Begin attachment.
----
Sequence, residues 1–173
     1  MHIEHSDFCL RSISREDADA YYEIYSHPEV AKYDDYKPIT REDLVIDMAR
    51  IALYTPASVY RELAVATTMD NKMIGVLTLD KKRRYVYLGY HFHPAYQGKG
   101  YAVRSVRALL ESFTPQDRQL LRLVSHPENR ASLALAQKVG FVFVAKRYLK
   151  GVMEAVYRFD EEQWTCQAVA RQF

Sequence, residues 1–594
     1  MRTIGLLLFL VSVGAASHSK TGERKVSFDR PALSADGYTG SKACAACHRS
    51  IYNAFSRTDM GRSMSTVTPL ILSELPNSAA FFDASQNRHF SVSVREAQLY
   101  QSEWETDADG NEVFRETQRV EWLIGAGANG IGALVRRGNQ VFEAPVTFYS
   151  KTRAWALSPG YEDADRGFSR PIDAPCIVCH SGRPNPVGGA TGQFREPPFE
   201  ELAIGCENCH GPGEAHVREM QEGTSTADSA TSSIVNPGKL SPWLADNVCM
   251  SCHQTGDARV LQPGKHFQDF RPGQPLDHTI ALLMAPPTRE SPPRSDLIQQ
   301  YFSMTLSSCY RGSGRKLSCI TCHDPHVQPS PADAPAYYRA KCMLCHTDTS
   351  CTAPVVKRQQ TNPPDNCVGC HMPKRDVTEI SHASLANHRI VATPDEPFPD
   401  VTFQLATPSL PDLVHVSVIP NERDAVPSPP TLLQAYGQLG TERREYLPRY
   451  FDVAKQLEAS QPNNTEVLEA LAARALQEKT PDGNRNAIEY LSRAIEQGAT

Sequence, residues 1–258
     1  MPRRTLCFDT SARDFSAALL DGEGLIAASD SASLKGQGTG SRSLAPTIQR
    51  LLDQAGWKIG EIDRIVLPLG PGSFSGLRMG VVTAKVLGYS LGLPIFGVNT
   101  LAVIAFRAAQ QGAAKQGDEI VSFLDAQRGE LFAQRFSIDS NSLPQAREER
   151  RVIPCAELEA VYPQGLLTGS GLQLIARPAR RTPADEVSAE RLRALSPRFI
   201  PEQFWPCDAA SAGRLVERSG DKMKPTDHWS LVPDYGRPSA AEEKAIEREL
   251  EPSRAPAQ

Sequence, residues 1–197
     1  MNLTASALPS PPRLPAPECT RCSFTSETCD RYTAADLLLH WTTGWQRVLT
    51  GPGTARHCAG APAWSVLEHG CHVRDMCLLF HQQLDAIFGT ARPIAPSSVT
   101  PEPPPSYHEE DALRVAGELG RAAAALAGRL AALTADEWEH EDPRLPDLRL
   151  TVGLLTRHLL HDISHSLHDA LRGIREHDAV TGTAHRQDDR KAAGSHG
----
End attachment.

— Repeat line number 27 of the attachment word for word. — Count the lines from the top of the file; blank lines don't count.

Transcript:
   101  PEPPPSYHEE DALRVAGELG RAAAALAGRL AALTADEWEH EDPRLPDLRL